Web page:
A plot device I have seen in more than one novel of the Tom Clancy genre has agents of the Dark Evil Empire cruising along on their way to do something Really Bad when they commit some trivial traffic violation and then a local cop pulls them over.
Of course, at this point, the reader begins to breathe a sigh of relief thinking that the cops will discover their plans, but the next thing that happens is that the cop dies in a hail of machine gun fire before he gets to the car, never knowing what the bad guys were hiding. And the story goes on.
This makes me wonder what really is the most sinister criminal plan foiled by a random traffic stop.
At first thought, it seems like there would be lots of big league drug busts that would fall in this category, and maybe some high profile felons on the run caught, but what about Really Bad Stuff?
(Not sure if there is a solid answer to this, so if it needs to go to IMHO, please move.)
When I was life guarding many, many years ago, a cop pulled a fellow over into our parking lot. As soon as the offender’s car stopped, he got out and ran into the woods. I don’t remember how long it was before they were able to search the car, but when they finally did, they found several pounds of cocaine.
The cop said the offender failed to signal for a turn, and he was just going to give him a warning.
“He put the body in the back of his pickup … A short while later, state troopers saw that the rear license plate was missing from his truck and tried to pull him over. After a 20-mile chase, he ran into a light pole , and was arrested. Within hours, he confessed to killing Ms. Bresciani and 16 other women.”
Constitutional Nitpick, but there is a difference between a “random” stop and a “routine” stop.
A routine stop would be where the driver committed some sort of violation: speeding, broken tail light, driving on the sidewalk, etc. A random stop is much more rare, and is only lawful when part of a plan to check every Xth car for vehicle inspection or drunk driving or the like. Generally speaking, American cops cannot stop cars at random.
Warren Jeffs was caught because of a routine traffic stop.
As a prosecutor working in a community on the 1-80 interstate, relatively large amounts of drugs are often found due to routine traffic stops, but our officers, particularly the highway patrol, are well trained to look for the signs.
I admit being casual with the word “random” – as a clarification, the intent of the OP was about folks who get stopped in some fairly commonplace fashion (e.g. going a couple of miles over) unrelated to their true crime.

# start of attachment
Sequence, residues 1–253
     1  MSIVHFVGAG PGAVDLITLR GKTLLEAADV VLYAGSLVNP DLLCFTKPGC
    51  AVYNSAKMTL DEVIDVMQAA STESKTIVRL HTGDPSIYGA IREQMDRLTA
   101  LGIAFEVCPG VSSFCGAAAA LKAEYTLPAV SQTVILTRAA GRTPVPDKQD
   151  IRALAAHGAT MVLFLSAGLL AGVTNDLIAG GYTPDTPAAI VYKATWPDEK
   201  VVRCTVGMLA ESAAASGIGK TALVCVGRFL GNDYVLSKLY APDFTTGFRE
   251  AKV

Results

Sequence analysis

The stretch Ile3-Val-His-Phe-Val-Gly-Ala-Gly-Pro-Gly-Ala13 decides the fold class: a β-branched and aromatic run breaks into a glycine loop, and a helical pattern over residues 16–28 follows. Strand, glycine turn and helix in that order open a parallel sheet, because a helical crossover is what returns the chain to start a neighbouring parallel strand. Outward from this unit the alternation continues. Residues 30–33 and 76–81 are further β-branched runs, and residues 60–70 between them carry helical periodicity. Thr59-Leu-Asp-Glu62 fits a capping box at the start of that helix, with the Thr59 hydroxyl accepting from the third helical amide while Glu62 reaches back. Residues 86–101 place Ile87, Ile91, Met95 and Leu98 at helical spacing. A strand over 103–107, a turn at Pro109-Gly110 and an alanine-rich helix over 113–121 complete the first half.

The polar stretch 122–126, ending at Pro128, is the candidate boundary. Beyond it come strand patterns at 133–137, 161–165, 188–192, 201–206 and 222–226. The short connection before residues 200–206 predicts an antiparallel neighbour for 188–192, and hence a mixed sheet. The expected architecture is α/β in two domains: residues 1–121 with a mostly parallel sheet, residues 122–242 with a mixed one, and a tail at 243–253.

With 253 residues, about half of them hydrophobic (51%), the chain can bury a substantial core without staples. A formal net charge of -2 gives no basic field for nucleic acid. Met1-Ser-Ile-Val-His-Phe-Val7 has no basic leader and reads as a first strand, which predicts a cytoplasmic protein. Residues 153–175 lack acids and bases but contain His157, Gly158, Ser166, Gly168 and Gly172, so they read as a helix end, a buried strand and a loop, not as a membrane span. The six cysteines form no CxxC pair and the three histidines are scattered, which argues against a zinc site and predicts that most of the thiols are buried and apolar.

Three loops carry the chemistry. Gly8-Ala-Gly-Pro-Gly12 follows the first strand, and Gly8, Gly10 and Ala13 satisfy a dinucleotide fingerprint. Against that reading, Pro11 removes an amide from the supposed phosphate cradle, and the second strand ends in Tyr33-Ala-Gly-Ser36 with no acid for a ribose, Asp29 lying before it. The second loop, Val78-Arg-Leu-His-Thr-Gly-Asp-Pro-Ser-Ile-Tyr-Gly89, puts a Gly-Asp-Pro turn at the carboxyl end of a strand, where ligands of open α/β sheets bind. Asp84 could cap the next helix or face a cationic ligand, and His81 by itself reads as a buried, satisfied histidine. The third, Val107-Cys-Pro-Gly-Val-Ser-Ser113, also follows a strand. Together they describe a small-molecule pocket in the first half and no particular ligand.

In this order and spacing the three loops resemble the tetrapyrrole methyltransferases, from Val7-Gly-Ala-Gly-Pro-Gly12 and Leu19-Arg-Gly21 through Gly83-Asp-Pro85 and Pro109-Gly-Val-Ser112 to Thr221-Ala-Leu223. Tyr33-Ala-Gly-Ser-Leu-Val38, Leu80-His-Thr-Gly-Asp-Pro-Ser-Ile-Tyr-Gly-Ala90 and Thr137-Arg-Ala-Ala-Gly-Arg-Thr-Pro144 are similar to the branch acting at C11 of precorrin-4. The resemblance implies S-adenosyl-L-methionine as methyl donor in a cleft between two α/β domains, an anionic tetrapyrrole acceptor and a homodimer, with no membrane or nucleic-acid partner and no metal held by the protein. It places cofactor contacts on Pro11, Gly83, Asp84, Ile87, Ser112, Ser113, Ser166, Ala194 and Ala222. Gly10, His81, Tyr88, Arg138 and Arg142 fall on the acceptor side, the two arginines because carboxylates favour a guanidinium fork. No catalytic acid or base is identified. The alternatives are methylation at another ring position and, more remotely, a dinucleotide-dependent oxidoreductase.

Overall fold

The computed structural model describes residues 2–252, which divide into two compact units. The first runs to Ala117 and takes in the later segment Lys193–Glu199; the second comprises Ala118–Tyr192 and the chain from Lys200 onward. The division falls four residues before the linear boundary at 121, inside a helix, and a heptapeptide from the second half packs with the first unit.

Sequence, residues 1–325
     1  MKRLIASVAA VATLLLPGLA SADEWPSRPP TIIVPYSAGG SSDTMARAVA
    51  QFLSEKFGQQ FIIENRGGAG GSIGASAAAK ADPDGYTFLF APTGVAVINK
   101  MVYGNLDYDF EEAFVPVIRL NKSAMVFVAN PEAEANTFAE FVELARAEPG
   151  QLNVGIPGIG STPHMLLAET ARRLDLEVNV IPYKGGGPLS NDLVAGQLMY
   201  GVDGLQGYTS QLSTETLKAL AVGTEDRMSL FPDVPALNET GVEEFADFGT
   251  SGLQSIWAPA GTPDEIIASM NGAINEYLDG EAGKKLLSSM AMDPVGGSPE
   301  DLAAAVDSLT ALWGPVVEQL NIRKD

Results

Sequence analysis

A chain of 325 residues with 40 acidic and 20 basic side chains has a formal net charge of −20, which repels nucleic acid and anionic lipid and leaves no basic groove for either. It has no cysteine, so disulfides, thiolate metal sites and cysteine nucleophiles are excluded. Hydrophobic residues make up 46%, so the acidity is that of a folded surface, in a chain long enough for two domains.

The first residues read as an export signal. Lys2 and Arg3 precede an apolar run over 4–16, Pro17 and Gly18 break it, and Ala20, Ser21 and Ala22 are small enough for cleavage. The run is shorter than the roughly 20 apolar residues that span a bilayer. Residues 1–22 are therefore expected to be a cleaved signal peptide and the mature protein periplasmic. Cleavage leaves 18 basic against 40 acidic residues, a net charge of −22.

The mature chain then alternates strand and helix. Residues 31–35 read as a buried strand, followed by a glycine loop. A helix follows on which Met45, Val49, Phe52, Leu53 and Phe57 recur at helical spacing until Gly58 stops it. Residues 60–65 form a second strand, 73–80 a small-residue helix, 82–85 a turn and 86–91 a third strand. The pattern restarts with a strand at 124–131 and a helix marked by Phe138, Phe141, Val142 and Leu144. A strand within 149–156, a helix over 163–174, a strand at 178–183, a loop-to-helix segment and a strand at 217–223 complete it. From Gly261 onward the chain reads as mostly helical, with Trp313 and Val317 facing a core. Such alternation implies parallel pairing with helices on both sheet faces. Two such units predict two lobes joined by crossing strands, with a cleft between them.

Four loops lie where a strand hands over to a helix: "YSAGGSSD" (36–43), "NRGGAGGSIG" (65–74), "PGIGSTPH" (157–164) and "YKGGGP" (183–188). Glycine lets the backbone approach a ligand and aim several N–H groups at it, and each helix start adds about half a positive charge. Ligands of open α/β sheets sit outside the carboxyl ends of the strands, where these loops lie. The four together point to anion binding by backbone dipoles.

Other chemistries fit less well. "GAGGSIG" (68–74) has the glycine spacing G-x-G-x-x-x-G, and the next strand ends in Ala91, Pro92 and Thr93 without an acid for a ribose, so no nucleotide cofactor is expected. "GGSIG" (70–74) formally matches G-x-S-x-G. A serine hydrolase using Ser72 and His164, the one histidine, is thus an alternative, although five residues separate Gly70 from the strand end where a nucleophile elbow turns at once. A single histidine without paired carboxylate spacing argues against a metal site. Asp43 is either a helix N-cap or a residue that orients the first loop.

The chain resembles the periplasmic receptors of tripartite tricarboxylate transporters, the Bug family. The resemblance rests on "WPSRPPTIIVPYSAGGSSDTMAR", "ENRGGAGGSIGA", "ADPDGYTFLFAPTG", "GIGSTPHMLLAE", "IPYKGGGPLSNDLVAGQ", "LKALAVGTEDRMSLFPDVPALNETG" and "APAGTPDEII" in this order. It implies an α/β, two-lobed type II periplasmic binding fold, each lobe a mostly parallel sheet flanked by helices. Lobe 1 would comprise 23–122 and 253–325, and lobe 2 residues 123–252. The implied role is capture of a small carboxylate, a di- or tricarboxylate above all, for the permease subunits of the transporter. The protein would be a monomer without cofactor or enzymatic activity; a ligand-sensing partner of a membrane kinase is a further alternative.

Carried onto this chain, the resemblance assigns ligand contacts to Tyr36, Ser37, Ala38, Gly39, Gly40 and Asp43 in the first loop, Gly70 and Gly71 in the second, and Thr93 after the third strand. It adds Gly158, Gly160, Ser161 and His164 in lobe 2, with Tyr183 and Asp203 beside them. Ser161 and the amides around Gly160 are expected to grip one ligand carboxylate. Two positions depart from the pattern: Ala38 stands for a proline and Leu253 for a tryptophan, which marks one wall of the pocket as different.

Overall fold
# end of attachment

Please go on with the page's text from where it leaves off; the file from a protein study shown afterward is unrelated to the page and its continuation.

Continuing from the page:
This thread mentioned three or four serial killers… I’d wager there have been plenty more caught by accident, or who had contact with police in the middle of their crime for some relatively innoccuos reason and were allowed to go on their way. Richard Allen Davis, Jeffrey Dahmer, and Arthur Shawcross are three examples that come to mind. Berkowitz – the alleged Son of Sam – was caught because of a parking ticket issued for parking too close to a hydrant. Wayne WIlliams – the alleged Atlanta Child Murderer – first came to police attention when they found his car stopped on a bridge with its lights off.
But the OP asked about criminals whose deeds were foild by accidental police intervention, and none of these cases apply.
(yikes, my post count just hit #666 with a post about serial killers… that can’t be a good sign…)
Since it’s known that most serial killers keep on killing untl they are caught or die, I think arresting them does stop future crime. Remember, after Ted Bundy escaped from prison, he went to Florida (home of Old Sparky) and killed three more people, his last victim being 12 years old!!! Stopping serial killers at a traffic stop prevents their future crimes.
You are saying that this thread should only be about people being arrested for crimes they haven’t committed yet? Wasn’t that the plot of a Tom Cruise movie?
Except for something like the Millenium plot it would be nearly impossible to tell if someone is going to commit a crime. Some of the arrests for gun possesion across the country may prevent a future crime but it is not possible to tell. Stopping a serial killer does not seem to me to be that far from what the OP is looking for.
He was stopped for either not having a plate or having one that was flapping in the wind. After he started acting squirrely a gun was found on him (or in the car, I don’t remember which). He was in jail on the weapons charge when his name was linked to the crime (VIN on the rental truck). The traffic stop at least stopped a major nationwide manhunt. I’m sure he had some bolthole waiting somewhere in the country.
There is absolutely no doubt that had Peter Sutcliffe not been arrested, he would have killed again, and very likely the victim would have been the prostitute who was in the car with him at the time of his arrest, remember that he had the murder weapons on him, he was not carrying them because they resembled jewelry.